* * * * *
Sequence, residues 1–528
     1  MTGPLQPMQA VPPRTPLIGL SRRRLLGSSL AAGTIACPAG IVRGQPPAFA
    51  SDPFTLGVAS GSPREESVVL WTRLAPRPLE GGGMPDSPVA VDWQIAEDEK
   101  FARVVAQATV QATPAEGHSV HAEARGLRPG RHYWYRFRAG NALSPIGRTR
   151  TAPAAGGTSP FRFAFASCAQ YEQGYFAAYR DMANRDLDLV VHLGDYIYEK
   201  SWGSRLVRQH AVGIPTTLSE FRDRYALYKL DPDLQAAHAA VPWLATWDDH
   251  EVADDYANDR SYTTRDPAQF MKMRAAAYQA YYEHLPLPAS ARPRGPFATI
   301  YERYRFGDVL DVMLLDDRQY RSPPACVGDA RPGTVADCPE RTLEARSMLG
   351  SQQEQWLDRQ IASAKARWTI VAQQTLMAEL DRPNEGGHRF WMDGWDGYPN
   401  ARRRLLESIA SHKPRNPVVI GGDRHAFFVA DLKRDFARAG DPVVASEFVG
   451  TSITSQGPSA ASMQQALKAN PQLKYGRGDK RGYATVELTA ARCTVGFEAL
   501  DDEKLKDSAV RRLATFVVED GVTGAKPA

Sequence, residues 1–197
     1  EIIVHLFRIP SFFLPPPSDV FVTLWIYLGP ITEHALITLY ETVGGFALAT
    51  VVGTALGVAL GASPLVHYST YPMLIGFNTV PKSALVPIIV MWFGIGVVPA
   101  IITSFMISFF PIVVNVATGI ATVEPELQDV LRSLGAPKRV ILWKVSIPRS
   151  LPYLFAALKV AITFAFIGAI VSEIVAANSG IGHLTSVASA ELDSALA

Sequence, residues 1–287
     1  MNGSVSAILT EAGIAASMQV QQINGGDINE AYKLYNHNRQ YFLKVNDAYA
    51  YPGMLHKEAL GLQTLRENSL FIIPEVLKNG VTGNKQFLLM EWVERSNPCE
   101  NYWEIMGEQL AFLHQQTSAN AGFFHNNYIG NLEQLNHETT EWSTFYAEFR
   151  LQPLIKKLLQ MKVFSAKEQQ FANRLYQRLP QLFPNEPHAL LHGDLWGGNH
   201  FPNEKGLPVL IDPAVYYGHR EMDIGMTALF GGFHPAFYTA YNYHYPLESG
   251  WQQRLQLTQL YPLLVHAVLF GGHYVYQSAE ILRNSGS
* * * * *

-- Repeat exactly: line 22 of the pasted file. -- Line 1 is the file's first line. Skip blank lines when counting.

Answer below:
   151  LQPLIKKLLQ MKVFSAKEQQ FANRLYQRLP QLFPNEPHAL LHGDLWGGNH